France Increases Student Recruitment Efforts in Anglophonic Africa


NigeriaAs reported in The Pie, France is moving away from its traditionally Francophonic recruitment grounds and attempting to appeal to Africa’s English-speaking nations, according to statistics from Campus France.
The country has, in recent years, begun increasing its provision of English-taught degrees in an attempt to make the destination more appealing to a non-French-speaking international student market. In fact, more than 1,260 courses are now taught in English at French higher education institutions. This, coupled with the affordability of tuition fees and the high quality of STEM degrees, seems to be having an impact on student recruitment efforts.

Countries which have generally sent a majority of their students to the UK and the US, such as Nigeria, Ghana and Ethiopia, are slowly becoming major source countries for institutions in France as well. According to Campus France, between 2011 and 2015 the number of students from Nigeria alone rose by 56%. Admittedly this is still only a total of 419 Nigerian students, compared to 17,973 for the UK in 2014, but the growth is clear, and with the efforts France is making it seems likely these numbers will continue to climb.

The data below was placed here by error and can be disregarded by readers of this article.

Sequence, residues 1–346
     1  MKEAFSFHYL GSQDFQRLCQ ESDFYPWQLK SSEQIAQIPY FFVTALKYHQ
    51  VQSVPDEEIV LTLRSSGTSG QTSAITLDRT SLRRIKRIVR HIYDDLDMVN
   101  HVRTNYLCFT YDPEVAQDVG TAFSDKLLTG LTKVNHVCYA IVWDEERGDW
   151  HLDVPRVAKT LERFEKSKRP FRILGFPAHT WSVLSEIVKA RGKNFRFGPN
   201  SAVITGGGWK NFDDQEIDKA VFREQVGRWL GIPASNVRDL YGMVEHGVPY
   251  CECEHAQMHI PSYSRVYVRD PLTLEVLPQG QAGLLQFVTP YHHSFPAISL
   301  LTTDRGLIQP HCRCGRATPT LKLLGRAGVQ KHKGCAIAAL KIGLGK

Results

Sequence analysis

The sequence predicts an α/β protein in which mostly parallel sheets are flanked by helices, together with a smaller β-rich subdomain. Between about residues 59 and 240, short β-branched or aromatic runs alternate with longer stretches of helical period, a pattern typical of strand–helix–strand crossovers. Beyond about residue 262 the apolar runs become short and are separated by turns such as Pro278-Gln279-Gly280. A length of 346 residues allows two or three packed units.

Burgeoning middle-classes and young populations

Many African countries have burgeoning middle classes and young populations, so the potential for recruitment will be significant in the next few years. This is especially true considering that the resources aren’t necessarily present in the countries themselves to cater for such a large market. Ethiopia, for example, has a population in which two fifths of people are aged 15 or under, while in Ghana, half of the population is under 25.

African teenagersSkills gaps in many African nations mean that companies are willing to offer students funding to study overseas, which gives countries like France the opportunity to increase their student recruitment numbers. Additionally, the large number of Francophonic countries in Africa means that knowledge of French is already perceived as being beneficial across the continent. Alliance Francaise, the world’s premier French language tuition organisation, is expanding its provision of resources to key African markets, allowing prospective students to learn some of the language before starting their degree.

Majority of surveyed students content with French experience

Student recruitment efforts in Anglophonic countries are clearly on the rise, but how do African students feel about France? Campus France also conducted interviews and surveys with almost 2,000 African students who have experience studying in the nation. They found that while the prestige of the degrees offered, cultural interest and family relations were major pull factors towards France, difficulties getting a visa, administrative problems and the cost of living were all turn-offs.

All in all, however, the perception was good. Only 6% of students said they were disappointed with their experience in France, while 60% would unreservedly recommend the country for study. With continued effort, France could become one of the world’s major destinations for a whole host of new countries.

Find out more about how higher education in Africa is changing.

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